Hovhaness’s Concerto for Soprano Saxophone and Strings was composed in 1980. As enthusiasts are well aware, the works that Hovhaness called “symphonies” have nothing in common with the formal symphonies of, say, Brahms, except that they are relatively long works for orchestra. Similarly, the works that he called “concertos” have nothing in common with the Romantic virtuoso vehicle other than their featuring a solo instrument along with an ensemble—and even that isn’t always the case! This 17-minute work in three movements is generally representative of the kind of music he was composing at the time, with one major exception. The first movement begins in a triadic, hymnlike vein. When the saxophone enters, the harmony becomes chromatic, with the strange, half-diminished-seventh chords, while the melody is still largely diatonic. This is followed by a vigorous fugato in the strings. The second movement is truly unlike anything I have ever heard by this composer. It begins with something like a waltz, exceedingly lightweight in character, almost suggesting popular music of the early 20th century. (Someone like Paul A. Snook, more conversant with this genre, could probably characterize it more precisely.) A Trio section follows, now along the lines of a diatonic jig in a major key, while maintaining the light-classical flavor. Unlike the standard scherzo, the waltz idea does not return. In its utter insipidity, the movement would be downright revolting, if it weren’t so bizarre and out-of-character for the composer, which makes it a notable curiosity. The third movement returns to the hymnlike tone of the opening, after which the saxophone enters with a simple, diatonic, major-key melody, accompanied by quarter-note pizzicati in a manner suggesting Satie. There is a polyphonic interlude for the strings, followed by an incantation by the saxophone, accompanied by more quarter-note pizzicati. The piece concludes strangely, in a manner that can almost be called flippant.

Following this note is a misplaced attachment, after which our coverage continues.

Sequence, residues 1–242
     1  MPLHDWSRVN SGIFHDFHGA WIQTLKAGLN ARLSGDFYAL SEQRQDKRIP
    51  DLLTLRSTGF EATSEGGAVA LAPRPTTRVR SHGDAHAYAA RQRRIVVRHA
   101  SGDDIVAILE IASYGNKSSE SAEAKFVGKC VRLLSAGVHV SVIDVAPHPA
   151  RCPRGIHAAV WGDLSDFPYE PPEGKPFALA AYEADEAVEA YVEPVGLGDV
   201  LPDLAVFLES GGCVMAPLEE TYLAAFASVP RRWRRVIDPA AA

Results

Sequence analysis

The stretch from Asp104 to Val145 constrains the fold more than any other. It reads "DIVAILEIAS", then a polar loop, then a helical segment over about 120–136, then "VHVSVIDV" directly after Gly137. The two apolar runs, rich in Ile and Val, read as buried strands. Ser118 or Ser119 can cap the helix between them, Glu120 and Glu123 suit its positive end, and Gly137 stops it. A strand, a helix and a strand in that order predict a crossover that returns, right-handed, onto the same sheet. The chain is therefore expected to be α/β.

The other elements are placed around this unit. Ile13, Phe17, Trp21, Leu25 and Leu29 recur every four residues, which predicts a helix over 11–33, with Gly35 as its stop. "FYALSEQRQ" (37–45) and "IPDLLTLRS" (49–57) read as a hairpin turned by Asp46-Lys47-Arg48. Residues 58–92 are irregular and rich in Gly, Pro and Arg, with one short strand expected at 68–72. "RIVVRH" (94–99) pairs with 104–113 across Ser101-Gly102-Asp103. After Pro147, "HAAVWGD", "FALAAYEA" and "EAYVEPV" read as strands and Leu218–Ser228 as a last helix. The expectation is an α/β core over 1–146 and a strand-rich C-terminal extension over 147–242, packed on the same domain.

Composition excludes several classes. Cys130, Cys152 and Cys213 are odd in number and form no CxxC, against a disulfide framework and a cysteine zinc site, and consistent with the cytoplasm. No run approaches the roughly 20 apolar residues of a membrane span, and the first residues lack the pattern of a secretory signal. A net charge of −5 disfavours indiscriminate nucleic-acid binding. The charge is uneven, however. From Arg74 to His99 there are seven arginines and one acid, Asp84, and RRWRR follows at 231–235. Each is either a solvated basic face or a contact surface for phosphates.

Throughout his composing career Hovhaness composed short choral anthems on sacred texts. These have been among his most consistently popular and widely performed compositions, and are mainstays of many church choirs. They generally combine relatively simple Renaissance-style polyphony with cantorial melodic lines inflected by Middle Eastern modes. As many of them are quite lovely and inspirational in effect, I have often wondered why, what with the plethora of Hovhaness recordings that have appeared over the years, little attention has been turned toward this aspect of his output. Now the widely admired choir Gloriae Dei Cantores under Elizabeth C. Patterson has addressed this neglect with a selection of such compositions. Most are accompanied by organ only; others call for small instrumental ensembles. As with the BMOP release, I would like to have had a hand in the programming decisions, as the selections seem to have been chosen with no effort to separate the wheat from the chaff. Now I suppose some may object, asserting that one man’s chaff is another’s wheat. I’m not so sure, but am willing to let consumers decide for themselves. Again Bernstein’s words reverberate: Some of these pieces are extraordinarily moving, such as the Ave Maria from the lovely motet triptych, The God of Glory Thundereth, From the End of the Earth, Unto Thee, O God , and Why Hast Thou Cast Us Off. (This is not especially coincidental, as all were composed during the 1950s, generally acknowledged to be the composer’s strongest period.) On the other hand, some are banal in the extreme, such as the Simple Mass , composed in 1975 according to the principles enunciated by Pope John XXIII. And many are just routine, and could have been penned by any number of composers.
The performances are carefully shaped, with much attention to intonation, balance, and nuances of phrasing. The disc is a worthy contribution to the Hovhaness discography, but one rues the missed opportunity of a chorus of this stature focusing its attention on the composer’s most inspired works within this genre.